Another way to interpret such proverbs is this: When believers “take delight in the Lord,” then their hearts become full of that which they desire, God. Prayer, scripture reading, worship, and humility before God bring about change in people. Their longings morph from luxuries to comfort for neighbor and justice for all. Therefore, donating is not a down payment on a bigger blessing from God, but an effort to help the world with the means that we have.
2 Timothy 1:1-14
Paul, an apostle of Christ Jesus by the will of God, for the sake of the promise of life that is in Christ Jesus, 2To Timothy, my beloved child: Grace, mercy, and peace from God the Father and Christ Jesus our Lord.3I am grateful to God—whom I worship with a clear conscience, as my ancestors did—when I remember you constantly in my prayers night and day. 4Recalling your tears, I long to see you so that I may be filled with joy. 5I am reminded of your sincere faith, a faith that lived first in your grandmother Lois and your mother Eunice and now, I am sure, lives in you.
6For this reason I remind you to rekindle the gift of God that is within you through the laying on of my hands; 7for God did not give us a spirit of cowardice, but rather a spirit of power and of love and of self-discipline.8Do not be ashamed, then, of the testimony about our Lord or of me his prisoner, but join with me in suffering for the gospel, relying on the power of God, 9who saved us and called us with a holy calling, not according to our works but according to his own purpose and grace. This grace was given to us in Christ Jesus before the ages began, 10but it has now been revealed through the appearing of our Savior Christ Jesus, who abolished death and brought life and immortality to light through the gospel. 11For this gospel I was appointed a herald and an apostle and a teacher, 12and for this reason I suffer as I do. But I am not ashamed, for I know the one in whom I have put my trust, and I am sure that he is able to guard until that day what I have entrusted to him. 13Hold to the standard of sound teaching that you have heard from me, in the faith and love that are in Christ Jesus. 14Guard the good treasure entrusted to you, with the help of the Holy Spirit living in us.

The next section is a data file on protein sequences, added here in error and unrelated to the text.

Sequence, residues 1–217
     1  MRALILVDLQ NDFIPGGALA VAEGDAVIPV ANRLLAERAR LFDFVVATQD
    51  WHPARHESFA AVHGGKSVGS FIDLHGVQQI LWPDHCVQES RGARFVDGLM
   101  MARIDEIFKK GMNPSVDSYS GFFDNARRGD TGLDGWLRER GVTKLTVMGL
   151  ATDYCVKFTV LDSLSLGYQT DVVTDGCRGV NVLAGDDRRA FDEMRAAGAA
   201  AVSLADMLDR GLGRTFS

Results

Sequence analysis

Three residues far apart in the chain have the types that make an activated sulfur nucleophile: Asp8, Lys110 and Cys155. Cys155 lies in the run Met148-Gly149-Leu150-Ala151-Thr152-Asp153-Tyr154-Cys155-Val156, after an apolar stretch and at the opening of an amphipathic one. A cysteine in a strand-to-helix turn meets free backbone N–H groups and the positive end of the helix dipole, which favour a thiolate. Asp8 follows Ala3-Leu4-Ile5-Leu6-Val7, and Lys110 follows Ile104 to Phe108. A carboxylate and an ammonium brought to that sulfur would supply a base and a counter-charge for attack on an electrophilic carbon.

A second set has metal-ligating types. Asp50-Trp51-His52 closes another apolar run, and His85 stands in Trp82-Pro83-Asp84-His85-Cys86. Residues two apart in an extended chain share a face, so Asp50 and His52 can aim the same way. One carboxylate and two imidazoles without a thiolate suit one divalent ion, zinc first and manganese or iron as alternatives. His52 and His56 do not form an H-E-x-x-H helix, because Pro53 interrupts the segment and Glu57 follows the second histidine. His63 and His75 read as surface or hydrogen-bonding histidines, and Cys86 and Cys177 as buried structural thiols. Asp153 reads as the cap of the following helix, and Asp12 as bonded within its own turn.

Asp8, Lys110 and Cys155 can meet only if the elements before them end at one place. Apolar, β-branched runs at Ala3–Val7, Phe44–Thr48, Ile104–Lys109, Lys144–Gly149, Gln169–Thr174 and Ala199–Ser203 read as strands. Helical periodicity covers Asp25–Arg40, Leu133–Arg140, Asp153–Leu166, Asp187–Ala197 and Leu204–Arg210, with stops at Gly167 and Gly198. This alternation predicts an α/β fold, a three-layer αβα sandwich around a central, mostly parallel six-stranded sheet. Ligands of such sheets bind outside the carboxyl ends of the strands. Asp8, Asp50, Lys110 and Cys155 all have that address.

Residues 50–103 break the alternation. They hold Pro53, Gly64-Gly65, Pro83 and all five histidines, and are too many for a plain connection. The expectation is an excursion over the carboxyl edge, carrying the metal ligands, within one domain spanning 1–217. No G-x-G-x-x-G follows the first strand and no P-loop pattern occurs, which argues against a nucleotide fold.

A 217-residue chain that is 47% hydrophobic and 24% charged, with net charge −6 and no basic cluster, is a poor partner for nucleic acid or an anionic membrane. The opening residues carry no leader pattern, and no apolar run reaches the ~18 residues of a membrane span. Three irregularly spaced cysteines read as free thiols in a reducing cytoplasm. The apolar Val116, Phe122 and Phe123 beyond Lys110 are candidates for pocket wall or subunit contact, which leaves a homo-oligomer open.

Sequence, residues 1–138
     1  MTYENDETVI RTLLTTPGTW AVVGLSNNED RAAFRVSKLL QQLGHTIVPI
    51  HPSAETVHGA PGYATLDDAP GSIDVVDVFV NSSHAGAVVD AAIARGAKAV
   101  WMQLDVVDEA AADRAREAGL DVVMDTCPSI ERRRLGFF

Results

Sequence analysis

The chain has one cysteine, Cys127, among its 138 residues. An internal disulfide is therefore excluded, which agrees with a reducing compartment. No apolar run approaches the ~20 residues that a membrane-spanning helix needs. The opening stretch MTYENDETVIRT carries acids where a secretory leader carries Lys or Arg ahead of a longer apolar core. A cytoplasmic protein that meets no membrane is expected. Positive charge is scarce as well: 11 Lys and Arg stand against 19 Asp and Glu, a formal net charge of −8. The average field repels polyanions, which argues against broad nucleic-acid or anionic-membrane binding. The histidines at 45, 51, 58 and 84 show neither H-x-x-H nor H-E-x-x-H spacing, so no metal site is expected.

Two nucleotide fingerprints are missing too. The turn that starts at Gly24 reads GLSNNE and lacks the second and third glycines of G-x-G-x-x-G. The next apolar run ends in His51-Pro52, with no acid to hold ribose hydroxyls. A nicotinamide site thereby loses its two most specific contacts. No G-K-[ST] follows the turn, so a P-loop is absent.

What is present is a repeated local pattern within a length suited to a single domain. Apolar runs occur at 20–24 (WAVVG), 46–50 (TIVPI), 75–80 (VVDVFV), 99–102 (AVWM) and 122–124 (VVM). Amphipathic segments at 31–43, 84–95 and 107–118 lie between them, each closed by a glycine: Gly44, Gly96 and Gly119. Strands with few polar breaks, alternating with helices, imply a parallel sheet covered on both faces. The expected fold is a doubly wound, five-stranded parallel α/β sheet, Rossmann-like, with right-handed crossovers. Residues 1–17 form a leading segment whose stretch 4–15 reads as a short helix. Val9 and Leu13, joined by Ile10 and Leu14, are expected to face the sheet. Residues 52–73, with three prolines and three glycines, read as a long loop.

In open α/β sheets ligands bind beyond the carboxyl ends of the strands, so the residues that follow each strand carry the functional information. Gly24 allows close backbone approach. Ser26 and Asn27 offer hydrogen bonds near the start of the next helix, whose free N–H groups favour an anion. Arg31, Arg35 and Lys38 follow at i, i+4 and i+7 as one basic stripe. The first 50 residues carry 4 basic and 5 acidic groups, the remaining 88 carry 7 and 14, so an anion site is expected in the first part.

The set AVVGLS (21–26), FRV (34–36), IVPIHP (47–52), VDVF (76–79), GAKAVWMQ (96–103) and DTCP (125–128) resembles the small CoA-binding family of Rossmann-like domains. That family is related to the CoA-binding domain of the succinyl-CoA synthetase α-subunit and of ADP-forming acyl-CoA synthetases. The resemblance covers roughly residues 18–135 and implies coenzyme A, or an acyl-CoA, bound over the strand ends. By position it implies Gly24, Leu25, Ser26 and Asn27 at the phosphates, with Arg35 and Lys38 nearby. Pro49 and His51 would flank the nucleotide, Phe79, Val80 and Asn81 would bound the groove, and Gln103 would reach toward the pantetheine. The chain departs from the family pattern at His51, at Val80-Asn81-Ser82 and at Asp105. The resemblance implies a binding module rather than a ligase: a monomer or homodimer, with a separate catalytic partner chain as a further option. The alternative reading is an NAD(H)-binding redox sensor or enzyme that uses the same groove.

The beginning of second Timothy starts in classic Roman-Greco correspondence style: Greeting with identification/authority, and salutation to addressee, then blessing, which proceeds into thanksgiving.
In this greeting, Paul again identifies himself as an apostle. This is key to Paul’s understanding of who he is and why he is writing to these congregations and individuals. Because of Paul’s road to Damascus experience with Jesus, Paul counts himself as the 13th apostle right in there with Peter, Andrew, James, John, Philip, Bartholomew, Thomas, Matthew, Thaddaeus, James son of Alpheus, Simon, and Matthias. Paul’s status as an apostle was questioned and disputed among early believers so it was very important to Paul to make this claim at the very beginning of his correspondence.